Sometimes there’s a key employee out for medical or maternity leave. Sometimes there’s a big project that was postponed during the downturn and now needs to be finished. Often, a company needs workers because it has more customers than it can handle — but it’s just not confident that the demand will last.

Roughly half the staff at UHY Advisors in Atlanta are contractors, said Amy Gallagher, a principal at the company, which offers accounting services.

“When and if the contract ends, we don’t have to carry the financial burden of having people when we don’t have work for them to do,” Gallagher said.

If you are placed by an agency, you are on the staffing company’s payroll. The client pays the agency, which keeps some and pays you some.

Yet, sooner or later, more than 40 percent of temporary workers end up as permanent employees of the companies where they have been placed, said Cephus.

Temp hiring typically rises as the economy comes out of recession: business may be picking up, but hiring is a gamble.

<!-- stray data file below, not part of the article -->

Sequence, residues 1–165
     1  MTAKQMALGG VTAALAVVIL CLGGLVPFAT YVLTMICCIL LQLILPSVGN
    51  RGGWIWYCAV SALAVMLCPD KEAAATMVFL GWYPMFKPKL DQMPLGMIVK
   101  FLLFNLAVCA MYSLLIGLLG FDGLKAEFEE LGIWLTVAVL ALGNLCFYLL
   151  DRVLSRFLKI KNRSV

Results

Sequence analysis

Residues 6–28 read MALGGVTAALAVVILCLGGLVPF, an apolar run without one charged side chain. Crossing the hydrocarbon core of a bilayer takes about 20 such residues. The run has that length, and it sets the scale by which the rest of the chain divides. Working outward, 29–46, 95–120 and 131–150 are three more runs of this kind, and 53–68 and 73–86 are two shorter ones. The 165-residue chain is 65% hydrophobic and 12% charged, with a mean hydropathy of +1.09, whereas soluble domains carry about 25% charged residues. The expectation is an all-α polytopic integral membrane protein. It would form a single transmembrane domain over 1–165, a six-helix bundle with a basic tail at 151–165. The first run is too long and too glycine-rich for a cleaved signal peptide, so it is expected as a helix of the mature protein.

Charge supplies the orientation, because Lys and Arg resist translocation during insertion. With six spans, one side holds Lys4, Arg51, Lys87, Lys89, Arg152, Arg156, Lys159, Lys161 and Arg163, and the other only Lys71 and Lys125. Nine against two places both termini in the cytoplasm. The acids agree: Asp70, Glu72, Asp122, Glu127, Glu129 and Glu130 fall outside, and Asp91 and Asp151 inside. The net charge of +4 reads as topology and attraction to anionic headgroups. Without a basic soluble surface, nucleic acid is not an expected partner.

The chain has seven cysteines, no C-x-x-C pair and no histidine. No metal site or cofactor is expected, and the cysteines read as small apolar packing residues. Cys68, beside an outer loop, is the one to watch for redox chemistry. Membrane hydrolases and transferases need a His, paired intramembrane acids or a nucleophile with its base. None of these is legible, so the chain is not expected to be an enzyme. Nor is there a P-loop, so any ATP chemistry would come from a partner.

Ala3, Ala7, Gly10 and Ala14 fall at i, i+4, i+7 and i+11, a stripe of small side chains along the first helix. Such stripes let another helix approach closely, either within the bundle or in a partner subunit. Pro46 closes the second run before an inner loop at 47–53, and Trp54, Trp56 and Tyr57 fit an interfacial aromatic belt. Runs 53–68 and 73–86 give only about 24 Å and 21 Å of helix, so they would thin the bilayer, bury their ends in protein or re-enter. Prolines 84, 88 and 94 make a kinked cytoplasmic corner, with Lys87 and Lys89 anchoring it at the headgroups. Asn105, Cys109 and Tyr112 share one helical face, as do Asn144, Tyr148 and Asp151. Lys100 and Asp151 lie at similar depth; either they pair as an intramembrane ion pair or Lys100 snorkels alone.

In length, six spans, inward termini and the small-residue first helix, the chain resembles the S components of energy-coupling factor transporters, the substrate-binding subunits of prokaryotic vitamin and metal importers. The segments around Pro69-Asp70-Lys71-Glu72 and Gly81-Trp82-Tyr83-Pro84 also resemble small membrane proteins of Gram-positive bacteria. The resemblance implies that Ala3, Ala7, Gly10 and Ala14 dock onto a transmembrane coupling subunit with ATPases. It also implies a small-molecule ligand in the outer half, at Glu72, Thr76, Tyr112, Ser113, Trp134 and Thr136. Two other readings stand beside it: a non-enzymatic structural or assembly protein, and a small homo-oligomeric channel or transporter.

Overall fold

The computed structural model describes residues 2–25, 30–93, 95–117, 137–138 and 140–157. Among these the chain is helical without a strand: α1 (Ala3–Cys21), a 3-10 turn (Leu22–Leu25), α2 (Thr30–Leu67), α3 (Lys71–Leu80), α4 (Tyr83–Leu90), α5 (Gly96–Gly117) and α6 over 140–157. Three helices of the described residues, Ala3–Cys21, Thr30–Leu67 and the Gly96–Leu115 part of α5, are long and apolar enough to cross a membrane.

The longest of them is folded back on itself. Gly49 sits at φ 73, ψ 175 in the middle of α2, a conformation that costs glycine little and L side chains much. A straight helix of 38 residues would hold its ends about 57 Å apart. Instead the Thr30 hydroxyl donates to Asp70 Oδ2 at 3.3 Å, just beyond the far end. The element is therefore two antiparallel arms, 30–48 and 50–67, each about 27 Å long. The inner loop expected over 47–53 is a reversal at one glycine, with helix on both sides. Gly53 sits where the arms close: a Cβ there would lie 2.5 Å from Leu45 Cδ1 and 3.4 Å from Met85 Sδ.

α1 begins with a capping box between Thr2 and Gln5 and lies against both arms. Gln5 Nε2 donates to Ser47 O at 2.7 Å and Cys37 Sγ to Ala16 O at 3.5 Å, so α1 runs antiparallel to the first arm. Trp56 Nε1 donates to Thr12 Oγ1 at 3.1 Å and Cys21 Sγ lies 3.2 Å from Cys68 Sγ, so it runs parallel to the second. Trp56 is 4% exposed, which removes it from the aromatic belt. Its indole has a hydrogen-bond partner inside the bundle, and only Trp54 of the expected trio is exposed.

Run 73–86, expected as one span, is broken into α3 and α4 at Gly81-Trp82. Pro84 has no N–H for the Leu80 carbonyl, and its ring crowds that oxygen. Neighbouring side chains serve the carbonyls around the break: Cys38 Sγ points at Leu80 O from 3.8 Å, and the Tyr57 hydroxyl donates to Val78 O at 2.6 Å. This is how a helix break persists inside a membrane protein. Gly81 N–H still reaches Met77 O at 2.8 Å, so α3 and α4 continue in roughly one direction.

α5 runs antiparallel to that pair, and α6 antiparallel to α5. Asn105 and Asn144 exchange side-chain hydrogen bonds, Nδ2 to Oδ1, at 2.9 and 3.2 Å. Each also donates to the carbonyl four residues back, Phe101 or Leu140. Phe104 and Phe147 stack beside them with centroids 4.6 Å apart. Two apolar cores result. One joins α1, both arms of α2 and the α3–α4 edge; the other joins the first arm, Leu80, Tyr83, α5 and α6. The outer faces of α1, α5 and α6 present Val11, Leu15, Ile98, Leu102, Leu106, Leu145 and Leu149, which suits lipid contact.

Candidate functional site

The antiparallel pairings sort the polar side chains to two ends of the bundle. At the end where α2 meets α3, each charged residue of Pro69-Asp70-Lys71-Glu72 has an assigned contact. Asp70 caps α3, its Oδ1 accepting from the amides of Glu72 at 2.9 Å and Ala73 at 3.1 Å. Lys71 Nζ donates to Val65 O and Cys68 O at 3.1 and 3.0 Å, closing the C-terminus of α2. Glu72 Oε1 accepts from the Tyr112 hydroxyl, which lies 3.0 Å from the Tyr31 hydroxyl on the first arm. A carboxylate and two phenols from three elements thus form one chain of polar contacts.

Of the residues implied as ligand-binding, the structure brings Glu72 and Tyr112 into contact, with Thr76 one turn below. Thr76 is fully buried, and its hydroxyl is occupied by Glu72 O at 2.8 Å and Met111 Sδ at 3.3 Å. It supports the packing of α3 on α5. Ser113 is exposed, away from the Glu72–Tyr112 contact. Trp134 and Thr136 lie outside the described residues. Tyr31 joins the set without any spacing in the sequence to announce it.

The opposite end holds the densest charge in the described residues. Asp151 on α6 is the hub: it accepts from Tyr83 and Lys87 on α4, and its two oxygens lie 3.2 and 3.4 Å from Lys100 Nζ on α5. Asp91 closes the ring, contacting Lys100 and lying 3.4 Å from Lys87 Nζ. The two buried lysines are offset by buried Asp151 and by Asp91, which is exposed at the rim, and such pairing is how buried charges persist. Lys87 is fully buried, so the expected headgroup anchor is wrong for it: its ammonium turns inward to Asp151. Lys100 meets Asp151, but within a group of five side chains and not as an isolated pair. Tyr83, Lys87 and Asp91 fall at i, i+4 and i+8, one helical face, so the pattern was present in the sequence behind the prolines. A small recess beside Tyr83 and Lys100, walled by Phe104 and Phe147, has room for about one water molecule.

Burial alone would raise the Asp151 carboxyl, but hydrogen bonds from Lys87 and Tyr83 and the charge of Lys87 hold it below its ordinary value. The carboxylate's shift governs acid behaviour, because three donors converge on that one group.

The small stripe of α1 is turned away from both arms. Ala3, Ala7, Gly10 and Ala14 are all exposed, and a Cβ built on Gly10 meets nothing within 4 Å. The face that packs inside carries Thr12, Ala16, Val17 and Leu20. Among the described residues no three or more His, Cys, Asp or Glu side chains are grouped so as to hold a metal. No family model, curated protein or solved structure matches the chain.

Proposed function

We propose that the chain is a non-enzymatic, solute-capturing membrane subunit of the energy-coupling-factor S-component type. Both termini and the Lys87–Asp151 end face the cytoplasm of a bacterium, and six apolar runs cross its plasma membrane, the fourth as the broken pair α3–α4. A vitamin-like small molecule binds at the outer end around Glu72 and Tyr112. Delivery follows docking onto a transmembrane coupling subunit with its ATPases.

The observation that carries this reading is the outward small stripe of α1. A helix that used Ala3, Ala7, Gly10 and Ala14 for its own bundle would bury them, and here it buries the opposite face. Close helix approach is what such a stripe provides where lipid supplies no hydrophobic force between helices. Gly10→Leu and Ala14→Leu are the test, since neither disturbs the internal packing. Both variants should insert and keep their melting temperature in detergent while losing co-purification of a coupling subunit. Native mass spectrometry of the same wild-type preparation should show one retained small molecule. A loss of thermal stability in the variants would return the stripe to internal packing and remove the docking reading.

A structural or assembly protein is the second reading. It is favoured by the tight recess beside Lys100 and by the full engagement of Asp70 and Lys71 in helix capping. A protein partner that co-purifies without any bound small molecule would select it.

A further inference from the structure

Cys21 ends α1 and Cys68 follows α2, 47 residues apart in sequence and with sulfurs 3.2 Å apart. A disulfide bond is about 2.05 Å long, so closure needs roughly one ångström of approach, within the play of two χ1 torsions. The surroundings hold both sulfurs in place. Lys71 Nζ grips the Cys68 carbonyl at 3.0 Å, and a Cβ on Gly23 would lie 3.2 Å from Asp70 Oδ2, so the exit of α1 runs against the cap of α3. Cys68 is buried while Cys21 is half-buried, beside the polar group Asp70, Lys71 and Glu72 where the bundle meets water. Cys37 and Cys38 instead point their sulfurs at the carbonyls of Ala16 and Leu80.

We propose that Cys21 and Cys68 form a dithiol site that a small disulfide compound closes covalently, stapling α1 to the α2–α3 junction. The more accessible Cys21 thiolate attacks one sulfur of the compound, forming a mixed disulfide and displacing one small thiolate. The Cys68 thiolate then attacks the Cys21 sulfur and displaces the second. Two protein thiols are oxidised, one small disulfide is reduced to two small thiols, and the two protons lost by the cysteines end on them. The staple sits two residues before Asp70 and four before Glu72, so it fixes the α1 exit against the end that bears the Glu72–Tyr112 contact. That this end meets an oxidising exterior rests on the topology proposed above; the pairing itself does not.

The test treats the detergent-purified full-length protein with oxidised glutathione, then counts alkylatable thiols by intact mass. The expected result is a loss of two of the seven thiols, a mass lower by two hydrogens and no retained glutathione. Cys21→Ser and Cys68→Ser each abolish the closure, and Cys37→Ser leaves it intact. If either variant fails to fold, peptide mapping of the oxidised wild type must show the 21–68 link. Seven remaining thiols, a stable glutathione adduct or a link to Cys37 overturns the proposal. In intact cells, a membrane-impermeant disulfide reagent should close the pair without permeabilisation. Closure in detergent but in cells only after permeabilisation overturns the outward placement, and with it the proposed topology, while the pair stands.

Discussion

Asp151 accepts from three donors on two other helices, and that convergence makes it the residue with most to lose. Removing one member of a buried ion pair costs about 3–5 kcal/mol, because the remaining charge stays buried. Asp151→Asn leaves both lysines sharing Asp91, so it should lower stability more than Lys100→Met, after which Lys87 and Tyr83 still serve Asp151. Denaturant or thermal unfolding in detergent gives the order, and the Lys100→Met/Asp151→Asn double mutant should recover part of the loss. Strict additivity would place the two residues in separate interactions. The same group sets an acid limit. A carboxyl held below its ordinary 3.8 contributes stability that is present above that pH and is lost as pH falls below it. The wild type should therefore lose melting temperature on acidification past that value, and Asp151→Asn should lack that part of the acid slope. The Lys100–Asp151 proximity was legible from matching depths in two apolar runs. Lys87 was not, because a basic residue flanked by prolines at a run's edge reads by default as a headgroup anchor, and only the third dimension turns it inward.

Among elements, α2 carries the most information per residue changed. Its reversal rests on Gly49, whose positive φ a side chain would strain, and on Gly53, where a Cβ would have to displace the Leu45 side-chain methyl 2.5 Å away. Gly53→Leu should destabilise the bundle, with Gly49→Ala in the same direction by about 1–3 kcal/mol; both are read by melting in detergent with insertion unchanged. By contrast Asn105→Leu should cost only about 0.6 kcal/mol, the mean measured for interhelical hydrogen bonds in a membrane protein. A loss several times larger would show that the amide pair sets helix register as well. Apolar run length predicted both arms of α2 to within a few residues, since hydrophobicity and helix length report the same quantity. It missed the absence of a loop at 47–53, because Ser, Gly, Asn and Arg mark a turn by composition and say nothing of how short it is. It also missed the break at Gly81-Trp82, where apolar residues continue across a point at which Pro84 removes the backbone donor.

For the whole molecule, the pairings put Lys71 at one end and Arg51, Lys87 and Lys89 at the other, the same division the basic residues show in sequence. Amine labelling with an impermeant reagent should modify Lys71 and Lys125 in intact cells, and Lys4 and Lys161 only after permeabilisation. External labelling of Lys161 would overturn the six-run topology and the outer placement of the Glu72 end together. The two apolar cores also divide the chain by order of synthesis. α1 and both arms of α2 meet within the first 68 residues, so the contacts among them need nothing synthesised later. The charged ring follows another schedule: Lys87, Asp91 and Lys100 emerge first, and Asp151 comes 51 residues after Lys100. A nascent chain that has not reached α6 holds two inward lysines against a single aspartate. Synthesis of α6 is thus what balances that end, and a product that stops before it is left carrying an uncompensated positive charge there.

But historically, most recoveries have moved a lot faster than this one. Four years after the end of the downturn, the economy is still far shy of pre-recession job levels.

Companies remain hesitant to hire because they consider current conditions too risky to make long-term capital investments in terms of people, staffing executives say.

“But when there is a pickup in demand, many companies cannot meet it with their current workforce,” Link said.

“Companies have been lean for years now,” said Andy Decker, regional vice president for staffing firm Robert Half International. “They have to ask, ‘Am I understaffed in such a way that I will miss business opportunities?’ “

When they use contractors or temps, they save in ways both obvious and otherwise.

For starters, hiring costs money. A company must devote resources to advertising, culling through applications, interviewing candidates and making a decision — as well as coping with consequences.

On average, it takes five weeks to hire a full-time candidate to fill a staff position and more than seven weeks to fill a management slot, according to a Robert Half survey.

Hire the wrong person, and managers average 17 percent of their time dealing with the consequences, Decker said.

But with a temp, you just tell the staffing agency to send someone else.

The question is, has there been a lasting change in the way companies view their labor needs? Are companies going to temps in more situations?